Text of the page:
Ineptitude, Futility and an Iconic Anthem

I understand that Bunter Johnson is to deliver another ‘address to the nation’ this Sunday when he is going to tell us about his ‘road map to the end of lockdown.’

That should be fun. Any road map drawn by our revered leader will look like the driving of a drunk with lots of swerving and drifting off at the corners. This is a man of whom it is often said that he has to surround himself with people capable of picking up the pieces as he wrecks everything in his path.

Even his road map to power has been a load of meandering zig zags that would have flattened for ever any other potential leader. It includes being fired from his job at The Times for making up two stories and for lying to Michael Howard, then the Tory leader about his affair with Petronella Wyatt.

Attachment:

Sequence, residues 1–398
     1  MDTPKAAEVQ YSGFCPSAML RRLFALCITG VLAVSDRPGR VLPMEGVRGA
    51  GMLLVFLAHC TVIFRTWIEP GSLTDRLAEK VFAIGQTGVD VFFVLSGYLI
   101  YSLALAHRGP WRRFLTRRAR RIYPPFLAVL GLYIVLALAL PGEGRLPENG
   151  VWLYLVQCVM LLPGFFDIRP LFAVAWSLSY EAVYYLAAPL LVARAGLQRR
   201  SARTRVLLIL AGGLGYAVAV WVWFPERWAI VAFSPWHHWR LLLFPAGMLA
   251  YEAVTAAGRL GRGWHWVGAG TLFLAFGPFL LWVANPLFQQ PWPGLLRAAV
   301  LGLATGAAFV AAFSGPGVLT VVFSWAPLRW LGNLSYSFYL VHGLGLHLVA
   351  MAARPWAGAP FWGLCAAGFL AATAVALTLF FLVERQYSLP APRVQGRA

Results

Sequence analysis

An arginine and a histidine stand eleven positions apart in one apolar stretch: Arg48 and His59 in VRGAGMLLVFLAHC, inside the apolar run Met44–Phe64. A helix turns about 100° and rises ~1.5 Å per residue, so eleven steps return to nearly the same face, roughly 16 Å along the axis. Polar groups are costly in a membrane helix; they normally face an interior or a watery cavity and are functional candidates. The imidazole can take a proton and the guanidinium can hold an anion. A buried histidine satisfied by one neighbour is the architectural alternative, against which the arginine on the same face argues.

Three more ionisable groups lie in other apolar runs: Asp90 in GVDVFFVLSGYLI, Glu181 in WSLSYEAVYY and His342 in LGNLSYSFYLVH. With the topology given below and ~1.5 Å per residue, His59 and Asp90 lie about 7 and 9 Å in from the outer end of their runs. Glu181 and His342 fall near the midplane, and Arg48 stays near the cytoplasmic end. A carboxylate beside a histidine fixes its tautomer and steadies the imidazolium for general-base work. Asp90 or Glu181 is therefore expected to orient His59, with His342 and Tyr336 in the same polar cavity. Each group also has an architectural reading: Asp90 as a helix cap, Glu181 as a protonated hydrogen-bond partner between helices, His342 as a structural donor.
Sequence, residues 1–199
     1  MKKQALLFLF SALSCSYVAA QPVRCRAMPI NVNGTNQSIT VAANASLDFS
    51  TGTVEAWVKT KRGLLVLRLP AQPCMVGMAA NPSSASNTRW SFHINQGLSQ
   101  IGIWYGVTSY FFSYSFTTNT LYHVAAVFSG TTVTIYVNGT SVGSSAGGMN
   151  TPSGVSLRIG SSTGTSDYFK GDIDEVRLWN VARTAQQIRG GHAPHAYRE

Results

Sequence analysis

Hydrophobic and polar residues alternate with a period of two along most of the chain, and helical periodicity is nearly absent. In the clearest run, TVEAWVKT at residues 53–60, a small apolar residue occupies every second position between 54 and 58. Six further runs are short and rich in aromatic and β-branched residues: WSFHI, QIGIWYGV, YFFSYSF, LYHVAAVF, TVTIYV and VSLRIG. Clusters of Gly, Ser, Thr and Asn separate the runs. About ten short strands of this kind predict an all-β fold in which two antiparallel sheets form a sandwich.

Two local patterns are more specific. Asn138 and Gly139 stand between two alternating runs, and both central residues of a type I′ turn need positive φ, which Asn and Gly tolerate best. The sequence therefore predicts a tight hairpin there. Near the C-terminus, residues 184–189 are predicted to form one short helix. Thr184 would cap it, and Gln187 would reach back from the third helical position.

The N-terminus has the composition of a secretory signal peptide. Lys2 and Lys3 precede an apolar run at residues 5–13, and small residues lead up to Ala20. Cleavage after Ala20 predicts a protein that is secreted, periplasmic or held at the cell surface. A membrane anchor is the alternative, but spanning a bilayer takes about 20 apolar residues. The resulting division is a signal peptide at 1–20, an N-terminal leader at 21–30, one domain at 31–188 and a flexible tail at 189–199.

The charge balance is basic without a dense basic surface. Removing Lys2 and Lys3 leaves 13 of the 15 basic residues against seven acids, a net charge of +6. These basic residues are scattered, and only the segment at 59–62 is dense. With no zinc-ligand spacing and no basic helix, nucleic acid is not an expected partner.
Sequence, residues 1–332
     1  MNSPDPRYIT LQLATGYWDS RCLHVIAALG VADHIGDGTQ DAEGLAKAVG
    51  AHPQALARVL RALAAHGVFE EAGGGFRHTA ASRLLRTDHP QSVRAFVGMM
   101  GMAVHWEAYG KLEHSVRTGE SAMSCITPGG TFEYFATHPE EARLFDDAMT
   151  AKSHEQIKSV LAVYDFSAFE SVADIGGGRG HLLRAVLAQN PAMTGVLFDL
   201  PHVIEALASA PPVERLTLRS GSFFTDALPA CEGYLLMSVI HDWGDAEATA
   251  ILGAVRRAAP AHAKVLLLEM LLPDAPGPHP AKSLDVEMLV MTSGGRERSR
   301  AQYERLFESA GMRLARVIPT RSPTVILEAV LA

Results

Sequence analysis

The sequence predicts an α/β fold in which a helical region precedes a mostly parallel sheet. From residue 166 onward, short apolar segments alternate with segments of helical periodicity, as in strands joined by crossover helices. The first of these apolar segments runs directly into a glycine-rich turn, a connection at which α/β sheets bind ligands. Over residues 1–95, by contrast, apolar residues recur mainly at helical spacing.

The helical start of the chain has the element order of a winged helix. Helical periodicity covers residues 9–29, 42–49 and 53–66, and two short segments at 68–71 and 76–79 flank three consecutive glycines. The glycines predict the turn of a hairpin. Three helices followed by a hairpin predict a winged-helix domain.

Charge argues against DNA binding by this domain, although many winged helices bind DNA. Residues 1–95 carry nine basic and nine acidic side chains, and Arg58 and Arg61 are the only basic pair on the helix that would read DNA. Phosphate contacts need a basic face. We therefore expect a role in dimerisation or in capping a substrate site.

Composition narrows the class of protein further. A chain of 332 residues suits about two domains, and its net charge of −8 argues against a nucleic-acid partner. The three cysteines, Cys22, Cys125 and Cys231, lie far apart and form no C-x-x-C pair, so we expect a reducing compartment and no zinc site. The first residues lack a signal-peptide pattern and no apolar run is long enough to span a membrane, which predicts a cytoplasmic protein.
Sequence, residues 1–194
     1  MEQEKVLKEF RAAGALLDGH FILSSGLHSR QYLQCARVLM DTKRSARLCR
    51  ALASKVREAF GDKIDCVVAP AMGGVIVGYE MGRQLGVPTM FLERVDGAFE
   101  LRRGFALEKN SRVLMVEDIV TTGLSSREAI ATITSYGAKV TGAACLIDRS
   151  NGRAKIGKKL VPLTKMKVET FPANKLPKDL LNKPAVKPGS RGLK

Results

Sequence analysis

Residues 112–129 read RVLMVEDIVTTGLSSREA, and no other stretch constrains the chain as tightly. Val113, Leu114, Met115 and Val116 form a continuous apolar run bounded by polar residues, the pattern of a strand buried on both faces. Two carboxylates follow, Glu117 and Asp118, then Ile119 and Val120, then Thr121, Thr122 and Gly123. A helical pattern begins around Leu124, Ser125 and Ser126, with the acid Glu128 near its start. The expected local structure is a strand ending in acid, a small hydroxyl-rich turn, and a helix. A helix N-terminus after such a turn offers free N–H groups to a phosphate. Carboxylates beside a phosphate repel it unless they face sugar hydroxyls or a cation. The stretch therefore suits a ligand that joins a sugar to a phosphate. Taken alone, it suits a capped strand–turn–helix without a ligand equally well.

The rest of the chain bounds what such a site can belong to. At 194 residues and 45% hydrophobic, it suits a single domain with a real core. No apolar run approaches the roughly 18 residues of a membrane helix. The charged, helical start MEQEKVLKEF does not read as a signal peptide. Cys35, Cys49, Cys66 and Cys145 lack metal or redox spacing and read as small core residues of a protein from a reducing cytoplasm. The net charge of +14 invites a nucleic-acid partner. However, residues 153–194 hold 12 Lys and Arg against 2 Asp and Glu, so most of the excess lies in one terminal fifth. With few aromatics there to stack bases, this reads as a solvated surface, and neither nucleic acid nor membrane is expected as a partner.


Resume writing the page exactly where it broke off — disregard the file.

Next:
That little hazard to progress occurred when Bunter was a shadow arts minister in 2004. Howard was his boss and when it was reported in the tabloids that Johnson’s long affair with The Spectator columnist had resulted in two terminated pregnancies, Johnson publicly stated the allegations were untrue. He called them an ‘inverted pyramid of piffle’ – a fairly typical piece of Johnsonian bluster.

When proof of the allegations was presented, Howard asked Bunter to resign and when he wouldn’t, fired him for his dishonesty. I don’t think being fired twice for lying is the normal road to becoming a prime minister, but Bunter seems to swerve around potholes that would have derailed any other politician.